– There are some real hard questions looming for Josh McDaniels.
The Patriots decided to go into the game with just four wide receivers after decided that Aaron Dobson and Kenbrell Thompkins should both be a healthy scratch. With five backs (including James Develin) against one of the softest run defenses in the league, New England came out wide and started to throw the ball. The play-calling was certainly suspect at best in the early going — the decision not to go for in on 4th and 2 at midfield twice in the first half with the game still in doubt was a missed opportunity to make a statement. The fact that the Patriots fell behind early turned them into a one-dimensional team that was incapable of developing any sort of offensive rhythm.
– The punt team was maybe the best and most consistent unit all night.
Matt Slater had a pair of really nice open field tackles (one in the first half and one in the second half), and punter Ryan Allen did more than enough to tilt the field for the Patriots throughout the evening. Problem was it really didn’t do much for the New England defense, who failed to provide much resistance all night.
– Brandon LaFell had his moment Monday evening.
In the best game of his New England career to this point, the former Panthers wideout ended up with a 14-yard pickup in the first half, and a 44-yard touchdown catch that featured a nice display of yards after catch at the end of the play to make it 27-7 late in the third quarter. (The first second-half touchdown of the year for the Patriots.) The receiver was the only one who showed himself to be a dependable target throughout the contest, and despite the fact that he was ineffective as a pass catcher for the first three games, had a nice outing against the Chiefs.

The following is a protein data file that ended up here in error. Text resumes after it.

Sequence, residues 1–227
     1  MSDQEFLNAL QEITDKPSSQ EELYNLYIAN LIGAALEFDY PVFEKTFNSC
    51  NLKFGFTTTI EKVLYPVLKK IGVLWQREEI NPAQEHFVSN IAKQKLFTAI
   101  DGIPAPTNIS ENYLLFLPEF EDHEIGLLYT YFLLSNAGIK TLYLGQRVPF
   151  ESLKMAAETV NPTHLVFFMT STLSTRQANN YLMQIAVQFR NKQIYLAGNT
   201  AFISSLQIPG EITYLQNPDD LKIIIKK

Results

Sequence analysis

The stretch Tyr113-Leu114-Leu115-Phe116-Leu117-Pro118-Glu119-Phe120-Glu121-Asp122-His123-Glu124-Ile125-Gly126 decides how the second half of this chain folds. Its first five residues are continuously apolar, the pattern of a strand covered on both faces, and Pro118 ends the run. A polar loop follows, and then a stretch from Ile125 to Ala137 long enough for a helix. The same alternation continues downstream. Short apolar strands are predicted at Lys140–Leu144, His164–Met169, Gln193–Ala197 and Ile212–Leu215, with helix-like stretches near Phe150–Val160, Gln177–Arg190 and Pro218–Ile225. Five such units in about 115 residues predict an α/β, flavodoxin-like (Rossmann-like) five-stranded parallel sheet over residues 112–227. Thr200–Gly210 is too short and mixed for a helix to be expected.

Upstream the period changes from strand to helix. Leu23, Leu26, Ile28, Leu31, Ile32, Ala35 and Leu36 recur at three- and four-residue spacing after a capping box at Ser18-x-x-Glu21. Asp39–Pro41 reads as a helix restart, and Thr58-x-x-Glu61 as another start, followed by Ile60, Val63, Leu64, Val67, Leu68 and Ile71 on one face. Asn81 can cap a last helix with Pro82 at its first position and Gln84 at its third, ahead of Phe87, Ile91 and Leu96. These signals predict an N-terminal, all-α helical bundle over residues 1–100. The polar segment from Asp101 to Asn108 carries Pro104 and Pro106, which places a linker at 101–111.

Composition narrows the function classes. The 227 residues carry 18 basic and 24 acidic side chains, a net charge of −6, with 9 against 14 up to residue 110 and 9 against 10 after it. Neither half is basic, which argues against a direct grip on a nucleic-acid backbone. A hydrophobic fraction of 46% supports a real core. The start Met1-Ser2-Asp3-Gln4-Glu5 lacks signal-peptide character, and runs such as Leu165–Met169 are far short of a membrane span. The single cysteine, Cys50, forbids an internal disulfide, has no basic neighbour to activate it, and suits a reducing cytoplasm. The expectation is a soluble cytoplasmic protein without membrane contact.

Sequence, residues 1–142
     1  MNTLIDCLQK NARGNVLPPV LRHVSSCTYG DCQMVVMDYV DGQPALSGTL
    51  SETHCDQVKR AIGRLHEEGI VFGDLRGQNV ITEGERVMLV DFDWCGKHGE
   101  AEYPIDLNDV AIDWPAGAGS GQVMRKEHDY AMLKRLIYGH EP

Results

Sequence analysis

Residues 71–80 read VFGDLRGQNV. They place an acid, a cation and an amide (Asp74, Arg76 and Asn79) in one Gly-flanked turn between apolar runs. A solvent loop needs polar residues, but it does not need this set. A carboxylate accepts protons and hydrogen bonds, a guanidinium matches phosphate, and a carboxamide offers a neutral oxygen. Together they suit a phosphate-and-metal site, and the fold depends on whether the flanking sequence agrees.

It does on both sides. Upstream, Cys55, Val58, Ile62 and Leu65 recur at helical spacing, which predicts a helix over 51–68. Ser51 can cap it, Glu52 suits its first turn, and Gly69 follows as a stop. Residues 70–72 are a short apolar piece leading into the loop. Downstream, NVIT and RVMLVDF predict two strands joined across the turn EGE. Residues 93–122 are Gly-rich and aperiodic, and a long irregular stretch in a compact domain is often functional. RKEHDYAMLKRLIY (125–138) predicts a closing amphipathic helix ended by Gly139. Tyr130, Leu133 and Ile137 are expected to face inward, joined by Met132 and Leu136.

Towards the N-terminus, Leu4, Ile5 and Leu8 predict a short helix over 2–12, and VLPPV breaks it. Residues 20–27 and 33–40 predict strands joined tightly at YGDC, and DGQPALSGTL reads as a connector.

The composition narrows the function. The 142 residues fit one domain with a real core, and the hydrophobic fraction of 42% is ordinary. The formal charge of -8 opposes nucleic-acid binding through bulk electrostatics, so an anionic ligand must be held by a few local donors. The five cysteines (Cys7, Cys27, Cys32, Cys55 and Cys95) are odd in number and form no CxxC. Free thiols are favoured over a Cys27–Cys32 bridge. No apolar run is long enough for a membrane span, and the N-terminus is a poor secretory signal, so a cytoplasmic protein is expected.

– There was a certain amount of deja vu.
The 2013 Patriots were able to make their bones as a mentally tough team that routinely bounced back after rough starts, including coming back from a 21-point deficit in a dramatic regular-season win over the Broncos. There was none of that fight from New England Monday against the Chiefs, a embarrassing loss that sparked memories of the 2009 road trip that included shameful back-to-back losses at New Orleans and Miami, a double-dip that provoked quarterback Tom Brady to offer the ultimate indictment of that year’s team following the loss in Miami: ‘When things don’t go your way you have to fight back — that’s a challenge for all of us,’ Brady said after that defeat. ‘I think at times we do. And at times I don’t think we fight very hard.” That’s not too far removed from where we are at this point.
– There will be a lot of come-to-Jesus talks this week around Foxboro.
The 2013 Patriots made their bones with gut-check performances in the second half throughout the season, distinguishing themselves as one of the more mentally tough teams of the Bill Belichick era. There was none of that Monday night in Kansas City, as New England dug a sizable hole in the first half and never managed to fight its way out. Things get no easier for the Patriots this week, as they face the 3-0 Bengals this weekend at Gillette Stadium. A short week will provide no comfort for this team, which will be tested again by Cincinnati.